Tillman last one to know he made Orioles' rotation

Righty was fishing when it was decided he'd be part of his first big league Opening Day; Hendrickson to Triple-A

March 31, 2011|By Dan Connolly, The Baltimore Sun

ST. PETERSBURG, FLA. — — By the time Chris Tillman learned he was officially pitching Sunday's third game of the season, pretty much everyone he knew had already heard the news.

Tillman, the Orioles' 22-year-old right-hander, went fishing one last time this spring Wednesday afternoon and didn't see the text from pitching coach Mark Connor until about four hours after it was sent. By that time, Tillman's phone was jammed with well wishes from those who had read the news online.

He and fellow righty Brad Bergesen were in limbo this week, assuming they had made the Opening Day roster but not knowing who would pitch in which role. The Orioles waited until seeing Bergesen throw a two-inning simulated game Wednesday afternoon to make a decision — he'll begin in the bullpen — and by then, Tillman had gone fishin'.

"They texted me to tell that they'd rather tell me in person, but that's the way it had to be done," said Tillman, who was 2-0 with a 3.93 ERA in five spring games, allowing 20 hits and nine walks while striking out 10 in 181/3 innings. "I'm excited, you know? I think we worked hard all spring, with Rick [Adair] and Mark. I'm really excited for Sunday."

Friday will be Tillman's first big league Opening Day. He was in the running for a rotation spot in 2010 but lost out to David Hernandez.

"Coming in this spring, it was kind of the same situation," Tillman said. "I wanted to work hard in the offseason and carry over the momentum [from 2010]. I think that helped me tremendously in the offseason."

Bergesen was thought to be the front-runner for the spot, but he was struck in the forearm by a line drive last Friday in just his fourth pitch against the Minnesota Twins. After Wednesday's simulated game, he said he was pain-free. He'll likely stay in the bullpen until April 10, when the Orioles need a fifth starter.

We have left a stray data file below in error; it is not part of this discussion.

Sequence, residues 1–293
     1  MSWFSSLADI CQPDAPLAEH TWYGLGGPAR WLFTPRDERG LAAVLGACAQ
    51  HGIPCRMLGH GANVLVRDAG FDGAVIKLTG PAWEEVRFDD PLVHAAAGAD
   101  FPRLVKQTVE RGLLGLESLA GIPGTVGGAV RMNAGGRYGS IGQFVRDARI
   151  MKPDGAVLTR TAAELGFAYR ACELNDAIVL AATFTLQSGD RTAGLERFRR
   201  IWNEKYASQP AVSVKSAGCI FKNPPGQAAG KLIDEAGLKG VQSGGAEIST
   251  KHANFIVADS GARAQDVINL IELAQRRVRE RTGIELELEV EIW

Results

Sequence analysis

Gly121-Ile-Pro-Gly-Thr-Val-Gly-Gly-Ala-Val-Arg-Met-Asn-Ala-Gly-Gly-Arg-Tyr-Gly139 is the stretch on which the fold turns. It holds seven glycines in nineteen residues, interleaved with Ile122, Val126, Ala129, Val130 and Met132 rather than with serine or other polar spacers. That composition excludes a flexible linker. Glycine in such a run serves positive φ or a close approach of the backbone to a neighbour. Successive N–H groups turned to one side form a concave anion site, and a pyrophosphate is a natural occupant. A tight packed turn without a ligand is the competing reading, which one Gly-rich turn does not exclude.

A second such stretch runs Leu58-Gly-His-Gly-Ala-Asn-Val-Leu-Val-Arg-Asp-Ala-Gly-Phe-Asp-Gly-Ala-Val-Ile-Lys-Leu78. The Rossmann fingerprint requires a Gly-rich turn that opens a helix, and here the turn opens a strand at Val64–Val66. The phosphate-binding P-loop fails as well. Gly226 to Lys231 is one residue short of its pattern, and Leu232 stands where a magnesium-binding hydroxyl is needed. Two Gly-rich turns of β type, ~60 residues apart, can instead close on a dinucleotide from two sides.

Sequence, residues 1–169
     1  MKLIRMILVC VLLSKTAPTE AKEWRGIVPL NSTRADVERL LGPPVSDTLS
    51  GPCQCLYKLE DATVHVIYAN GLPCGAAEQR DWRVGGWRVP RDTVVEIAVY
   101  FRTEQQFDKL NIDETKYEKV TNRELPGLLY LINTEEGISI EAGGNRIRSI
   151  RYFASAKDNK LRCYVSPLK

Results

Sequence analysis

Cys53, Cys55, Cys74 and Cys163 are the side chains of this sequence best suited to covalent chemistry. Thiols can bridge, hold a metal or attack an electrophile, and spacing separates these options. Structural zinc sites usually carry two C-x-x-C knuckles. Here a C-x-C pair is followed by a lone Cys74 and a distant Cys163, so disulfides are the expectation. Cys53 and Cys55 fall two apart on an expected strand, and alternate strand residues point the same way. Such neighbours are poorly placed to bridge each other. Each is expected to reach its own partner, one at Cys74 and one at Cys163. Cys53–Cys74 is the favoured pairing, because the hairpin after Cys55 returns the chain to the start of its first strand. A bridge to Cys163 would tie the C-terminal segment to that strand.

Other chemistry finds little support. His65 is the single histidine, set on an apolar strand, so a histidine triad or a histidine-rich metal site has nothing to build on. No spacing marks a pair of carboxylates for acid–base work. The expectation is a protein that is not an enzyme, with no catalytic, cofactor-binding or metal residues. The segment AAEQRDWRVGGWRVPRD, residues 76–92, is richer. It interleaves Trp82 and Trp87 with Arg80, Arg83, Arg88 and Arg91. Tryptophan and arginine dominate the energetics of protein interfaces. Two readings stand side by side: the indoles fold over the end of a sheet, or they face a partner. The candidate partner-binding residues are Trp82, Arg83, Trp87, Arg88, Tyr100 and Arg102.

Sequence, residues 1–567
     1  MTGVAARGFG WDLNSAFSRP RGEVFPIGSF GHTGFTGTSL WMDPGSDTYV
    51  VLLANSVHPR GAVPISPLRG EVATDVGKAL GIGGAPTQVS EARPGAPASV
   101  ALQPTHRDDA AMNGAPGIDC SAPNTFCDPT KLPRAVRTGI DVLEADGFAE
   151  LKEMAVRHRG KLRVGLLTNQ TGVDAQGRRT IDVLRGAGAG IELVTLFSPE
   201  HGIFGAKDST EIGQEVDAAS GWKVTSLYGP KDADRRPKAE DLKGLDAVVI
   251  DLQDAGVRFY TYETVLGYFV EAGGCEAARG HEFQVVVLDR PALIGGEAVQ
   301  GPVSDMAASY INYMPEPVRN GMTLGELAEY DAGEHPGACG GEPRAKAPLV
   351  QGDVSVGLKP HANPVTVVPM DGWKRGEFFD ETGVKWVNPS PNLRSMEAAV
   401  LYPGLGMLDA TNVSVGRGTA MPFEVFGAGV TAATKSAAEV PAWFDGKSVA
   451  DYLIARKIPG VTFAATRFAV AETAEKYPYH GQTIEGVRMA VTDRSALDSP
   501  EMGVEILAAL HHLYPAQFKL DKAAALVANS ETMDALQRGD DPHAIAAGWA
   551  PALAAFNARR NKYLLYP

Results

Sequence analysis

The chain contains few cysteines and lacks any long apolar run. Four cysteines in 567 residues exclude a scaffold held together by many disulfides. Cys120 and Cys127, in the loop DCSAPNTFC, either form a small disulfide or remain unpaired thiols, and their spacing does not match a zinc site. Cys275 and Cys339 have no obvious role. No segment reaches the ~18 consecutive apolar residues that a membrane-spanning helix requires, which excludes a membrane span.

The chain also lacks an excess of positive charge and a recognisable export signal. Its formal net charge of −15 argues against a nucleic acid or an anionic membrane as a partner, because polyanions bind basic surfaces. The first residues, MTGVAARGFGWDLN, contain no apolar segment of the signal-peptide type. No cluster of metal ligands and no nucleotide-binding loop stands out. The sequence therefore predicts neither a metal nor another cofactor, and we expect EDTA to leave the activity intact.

"It felt good to get back out there and compete again," Bergesen said. "For me, I'm taking it very positively and treating it like I have 10 more days to try and fine-tune some things, hopefully."

Orioles manager Buck Showalter said Bergesen is "a candidate" for the April 10th start but wouldn't give him the spot yet. There are several variables, Showalter said, including what will happen if Monday's home opener is rained out and the Orioles have to play five days straight.

"They wanted to put me in the bullpen just to make sure I was fully ready for this year and just give me a little more time," said Bergesen, who was 1-1 with a 5.82 ERA in six spring games. "April 10th, they said, they're probably going to need someone. That's kind of what they're kind of hinting at, but who knows what could happen until then?"

Duchscherer has setback

Righty Justin Duchscherer, who is on the disabled list with left hip soreness, had back discomfort Wednesday while working out in Sarasota and has been temporarily shut down.

"Mostly that time, I believe, was his back, which also could be a byproduct of the hip," Showalter said. "We are not sure yet."

Duchscherer visited a chiropractor Wednesday and may leave Florida to see the doctor who performed surgery on his left hip in June. Showalter said that has not been determined.

Duchscherer pitched just two innings in one exhibition game this spring but threw two more in a simulated game Tuesday. He had been targeting April 20 as a return to the majors.

"It's a little frustrating for him. He thought he had turned the corner a little bit. Hopefully, he has," Showalter said. "Hopefully, the next day or two, it will quiet down and we're back on the bicycle again."

Duchscherer, 33, has pitched in just five big league games in the past two seasons because of various injuries. The Orioles signed him to a one-year, incentive-laden contract that pays him a guaranteed $700,000 and was to include an additional $400,000 if he made the Opening Day roster.

That salary increase is prorated, so he would get roughly $200,000 extra if he joins the team at the exact midpoint of the season. There are also performance bonuses based on the number of starts he makes. The Orioles took the risk — and structured the contract accordingly — because, when healthy, Duchscherer has been an effective major league pitcher.

"We knew it was going to be a challenge back when we signed him," Showalter said. "We'll continue to go down that road and see if we can get him [to the majors]."

Hendrickson to minors

Veteran left-hander Mark Hendrickson, who was reassigned to minor league camp Monday but explored his options, agreed Thursday to go to Triple-A Norfolk.

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